Quartz countertops: Are they the right choice for you?

The kitchen tends to be the home’s gathering place, so it’s only natural you want it to look and feel welcoming. But as the hub of your home, your kitchen needs durable countertops, especially if you have little ones helping with the cooking.

Quartz countertops are a trendy choice for kitchens, but before you get in touch with your contractor, it’s important to assess the pros and cons and review some alternatives.

Pros of quartz kitchen countertops

• Durable Quartz countertops are highly durable, made from a mix of stones and stone-like materials bound together with resins. Makers of quartz countertops press the materials and resin into slabs that are solid and nonporous. That means the counters won’t chip or crack with everyday use (like when your little ones are helping you cook).

• Stain-resistant Quartz is highly stain-resistant, thanks to its nonporous surface. But it can be stained by certain substances — like red wine, coffee, tea, tomato sauce and juice — if the spill isn’t cleaned up immediately. The staining happens when the liquid interacts with the resin.

You’ll also want to use gentle cleaners instead of harsh chemicals. Another positive: Quartz is relatively low maintenance and doesn’t require sealing.

• Highly customizable Thanks to advances in engineered quartz, you can choose from a variety of patterns that can be custom-made or mirror the look of granite or marble.

Cons of quartz countertops

• Pricey The price of quartz is high compared to the price of materials like marble and limestone. On average, quartz kitchen countertops cost $70 to $80 per square foot with installation.

• Prone to heat damage While quartz is heat-resistant, the binders used in about 10% of a quartz countertop slab are not. So, leaving hot cookware directly on a quartz counter could cause unsightly stains. 

• Requires professional installation Installing quartz countertops is probably not a DIY task. The material is incredibly heavy and needs professional attention to ensure the kitchen can support the counters.

What should you look for in a quartz countertop?

Look for the following quality markers when buying a quartz countertop. 

• Cohesive colouring Compare separate slabs from the quartz you plan to buy. Are they the same colour?

• Colouring through the surface Make sure the veins and colourations you see on the surface of the quartz continue throughout the slab.

• Consistent aggregates Aggregates are the pebbles  you find along the edges of your countertops. No matter the size of these pebbles, they should be consistent throughout the countertop.

Alternatives to quartz countertops

Your kitchen countertops should fit your lifestyle and the look of your space. So, before you choose them, explore several options to see what works best. Some alternatives to quartz kitchen countertops include:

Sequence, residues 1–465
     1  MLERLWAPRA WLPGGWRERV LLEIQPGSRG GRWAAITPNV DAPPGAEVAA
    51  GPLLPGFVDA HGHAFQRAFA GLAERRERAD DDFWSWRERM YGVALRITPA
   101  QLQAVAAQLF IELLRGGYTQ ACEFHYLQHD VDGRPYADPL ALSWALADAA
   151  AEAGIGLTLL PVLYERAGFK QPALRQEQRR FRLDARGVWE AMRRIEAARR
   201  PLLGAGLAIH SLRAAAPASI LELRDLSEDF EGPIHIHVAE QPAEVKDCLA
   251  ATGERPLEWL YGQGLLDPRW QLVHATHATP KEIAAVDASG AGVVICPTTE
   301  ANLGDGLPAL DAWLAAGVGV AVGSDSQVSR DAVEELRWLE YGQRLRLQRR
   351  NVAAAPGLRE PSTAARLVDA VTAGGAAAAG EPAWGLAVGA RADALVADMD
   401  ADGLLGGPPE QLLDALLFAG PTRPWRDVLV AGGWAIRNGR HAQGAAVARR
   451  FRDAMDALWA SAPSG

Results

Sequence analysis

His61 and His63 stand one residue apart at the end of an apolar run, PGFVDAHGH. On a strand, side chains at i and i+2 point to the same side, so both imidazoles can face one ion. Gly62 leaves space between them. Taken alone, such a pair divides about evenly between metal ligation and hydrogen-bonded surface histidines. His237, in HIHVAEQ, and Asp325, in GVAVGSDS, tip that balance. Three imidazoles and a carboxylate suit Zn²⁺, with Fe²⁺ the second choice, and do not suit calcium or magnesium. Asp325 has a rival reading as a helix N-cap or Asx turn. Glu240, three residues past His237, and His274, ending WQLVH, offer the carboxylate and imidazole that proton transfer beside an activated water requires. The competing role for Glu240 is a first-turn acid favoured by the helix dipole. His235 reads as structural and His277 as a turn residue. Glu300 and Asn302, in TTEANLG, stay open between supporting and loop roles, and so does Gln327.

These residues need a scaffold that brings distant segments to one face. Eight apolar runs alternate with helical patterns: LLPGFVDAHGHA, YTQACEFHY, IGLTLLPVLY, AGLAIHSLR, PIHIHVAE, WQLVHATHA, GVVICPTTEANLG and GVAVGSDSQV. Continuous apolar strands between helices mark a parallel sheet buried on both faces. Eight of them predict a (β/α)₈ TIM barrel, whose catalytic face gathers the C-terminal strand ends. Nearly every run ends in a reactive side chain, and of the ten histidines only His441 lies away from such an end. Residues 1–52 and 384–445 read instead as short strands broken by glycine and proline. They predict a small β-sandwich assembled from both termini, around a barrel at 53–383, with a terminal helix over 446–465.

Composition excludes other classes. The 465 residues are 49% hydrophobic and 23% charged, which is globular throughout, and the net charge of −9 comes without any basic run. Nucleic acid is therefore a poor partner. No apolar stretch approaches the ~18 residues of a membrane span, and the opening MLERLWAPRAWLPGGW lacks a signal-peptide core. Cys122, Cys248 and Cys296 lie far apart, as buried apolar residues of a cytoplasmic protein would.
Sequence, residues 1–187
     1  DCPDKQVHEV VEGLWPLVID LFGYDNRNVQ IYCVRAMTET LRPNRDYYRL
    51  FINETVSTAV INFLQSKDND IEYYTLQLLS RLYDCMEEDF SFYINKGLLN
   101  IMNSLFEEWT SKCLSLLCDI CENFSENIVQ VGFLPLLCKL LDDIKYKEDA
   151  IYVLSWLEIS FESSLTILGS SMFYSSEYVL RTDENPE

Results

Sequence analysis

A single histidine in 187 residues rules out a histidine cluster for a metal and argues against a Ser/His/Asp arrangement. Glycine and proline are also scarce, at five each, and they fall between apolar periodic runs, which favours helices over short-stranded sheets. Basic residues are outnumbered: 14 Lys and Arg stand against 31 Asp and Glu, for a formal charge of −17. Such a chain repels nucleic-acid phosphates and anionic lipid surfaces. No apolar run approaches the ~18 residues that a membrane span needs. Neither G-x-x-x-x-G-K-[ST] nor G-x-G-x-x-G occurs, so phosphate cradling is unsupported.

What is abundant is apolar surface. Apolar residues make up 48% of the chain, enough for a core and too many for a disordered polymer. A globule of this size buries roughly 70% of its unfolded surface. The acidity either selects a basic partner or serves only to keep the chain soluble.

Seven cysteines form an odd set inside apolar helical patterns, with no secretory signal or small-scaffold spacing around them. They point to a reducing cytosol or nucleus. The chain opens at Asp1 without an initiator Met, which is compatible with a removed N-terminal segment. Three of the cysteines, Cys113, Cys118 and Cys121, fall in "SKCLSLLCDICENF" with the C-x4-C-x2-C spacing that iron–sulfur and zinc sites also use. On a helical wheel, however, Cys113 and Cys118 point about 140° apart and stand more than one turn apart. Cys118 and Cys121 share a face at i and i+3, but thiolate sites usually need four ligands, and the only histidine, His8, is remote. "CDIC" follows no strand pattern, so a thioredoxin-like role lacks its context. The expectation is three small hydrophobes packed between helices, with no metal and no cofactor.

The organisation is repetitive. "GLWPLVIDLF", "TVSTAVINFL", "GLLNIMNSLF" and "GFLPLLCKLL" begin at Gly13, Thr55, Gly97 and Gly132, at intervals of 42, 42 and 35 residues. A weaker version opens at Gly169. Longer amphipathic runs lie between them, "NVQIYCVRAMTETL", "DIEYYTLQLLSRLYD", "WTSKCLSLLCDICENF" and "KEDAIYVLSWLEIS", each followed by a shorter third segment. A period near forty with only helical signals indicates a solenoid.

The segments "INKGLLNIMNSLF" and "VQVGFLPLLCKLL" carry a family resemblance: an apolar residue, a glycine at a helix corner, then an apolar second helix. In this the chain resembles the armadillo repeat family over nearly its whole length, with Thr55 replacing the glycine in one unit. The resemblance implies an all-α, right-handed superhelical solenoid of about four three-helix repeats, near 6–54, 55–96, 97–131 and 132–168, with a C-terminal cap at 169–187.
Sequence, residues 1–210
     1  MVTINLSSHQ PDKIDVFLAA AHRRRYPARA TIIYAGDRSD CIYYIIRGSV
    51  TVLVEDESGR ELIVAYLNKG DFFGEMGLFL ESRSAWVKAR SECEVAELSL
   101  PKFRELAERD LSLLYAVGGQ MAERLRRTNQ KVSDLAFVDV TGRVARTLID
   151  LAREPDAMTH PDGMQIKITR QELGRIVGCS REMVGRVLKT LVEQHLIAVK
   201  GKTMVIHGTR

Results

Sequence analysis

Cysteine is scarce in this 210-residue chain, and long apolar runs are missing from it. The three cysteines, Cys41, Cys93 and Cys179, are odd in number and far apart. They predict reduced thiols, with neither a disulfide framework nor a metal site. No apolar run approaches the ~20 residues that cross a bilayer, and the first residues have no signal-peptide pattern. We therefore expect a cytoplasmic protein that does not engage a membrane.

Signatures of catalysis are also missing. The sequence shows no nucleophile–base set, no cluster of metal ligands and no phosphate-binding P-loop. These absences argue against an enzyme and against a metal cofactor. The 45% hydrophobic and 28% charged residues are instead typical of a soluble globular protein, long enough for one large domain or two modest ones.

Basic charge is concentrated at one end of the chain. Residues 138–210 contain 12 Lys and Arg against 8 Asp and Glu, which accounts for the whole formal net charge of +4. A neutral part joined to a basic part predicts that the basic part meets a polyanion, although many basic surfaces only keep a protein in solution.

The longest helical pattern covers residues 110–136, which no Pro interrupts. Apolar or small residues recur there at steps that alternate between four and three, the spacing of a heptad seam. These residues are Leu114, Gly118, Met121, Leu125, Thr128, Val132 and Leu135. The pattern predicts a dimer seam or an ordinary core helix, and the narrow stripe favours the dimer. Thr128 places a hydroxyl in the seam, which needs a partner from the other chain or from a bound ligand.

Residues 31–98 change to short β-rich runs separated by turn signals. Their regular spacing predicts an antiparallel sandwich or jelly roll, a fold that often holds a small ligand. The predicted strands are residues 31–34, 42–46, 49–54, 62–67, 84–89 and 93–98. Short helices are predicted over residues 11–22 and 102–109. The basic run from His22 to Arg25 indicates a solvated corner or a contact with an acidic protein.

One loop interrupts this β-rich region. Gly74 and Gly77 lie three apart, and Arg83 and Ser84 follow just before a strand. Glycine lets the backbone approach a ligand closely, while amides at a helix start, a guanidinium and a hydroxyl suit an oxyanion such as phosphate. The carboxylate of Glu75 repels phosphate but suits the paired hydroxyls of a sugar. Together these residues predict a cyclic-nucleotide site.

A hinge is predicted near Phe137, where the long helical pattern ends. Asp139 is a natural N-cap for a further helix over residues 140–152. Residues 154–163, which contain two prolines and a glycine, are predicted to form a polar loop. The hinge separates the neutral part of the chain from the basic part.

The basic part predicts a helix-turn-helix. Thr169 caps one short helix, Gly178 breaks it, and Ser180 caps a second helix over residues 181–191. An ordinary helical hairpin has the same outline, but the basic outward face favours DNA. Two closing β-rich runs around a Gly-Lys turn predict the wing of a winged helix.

• Marble Marble is often comparable in price to quartz, but it has a unique and elegant look that may make the price worth it for some. While neither quartz nor marble requires resealing, marble has a porous surface, so it may be susceptible to stains, especially from acidic liquids, like tomato sauce or lemon juice. Quartz isn’t porous like marble but can still stain, too.

• Slate Slate is just as durable as quartz, but its designs and aggregates are more uniform. Slate costs more than quartz on average and requires a decent amount of maintenance, including regular sealing. 

• Granite Granite countertops are naturally made versus the man-made designs of quartz. While prices may be similar, granite requires more maintenance because of the need for regular resealing. 

How much do quartz counters cost?

There are many factors that influence price, including the material’s thickness, edging, cuts, angles and the number of slabs required. The cost will also vary depending on the material’s finish, from honed to polished to leathered, according to HGTV.

The average price for supply, fabrication and installation is $70 to $80 per square foot for most quartz and granite.

The average cost of supply for a natural stone or quartz countertop is $25 per square foot, while expensive and covetable materials like marble typically cost $30 per square foot and higher.

More affordable materials, such as basic granite, typically cost around $15 per square foot. 

What should you ask your contractor about installing quartz countertops?

Before you hire a pro to install new counters, be sure to ask a few questions, including: 

• Is your team experienced with installing quartz countertops? 

• Will replacing my kitchen countertops require a permit? 

• How much do you charge for countertop installation, including removing my old countertops? 

• Will you move my appliances and fixtures during installation, or am I responsible for that? 

• Do you have insurance that covers any damage to my home or countertops during installation? 

• Do you offer a warranty if something happens to the counters after installation?

The answers to these questions and the information above can guide you as you decide whether quartz countertops are the best option for your kitchen.

Always remember, when you’re thinking of renovating your home or having a brand new home custom built just for you, a REALTOR® can help you make an informed decision about what type of materials will give you the best return on your investment whenever you decide to sell in the future..

— Houselogic.com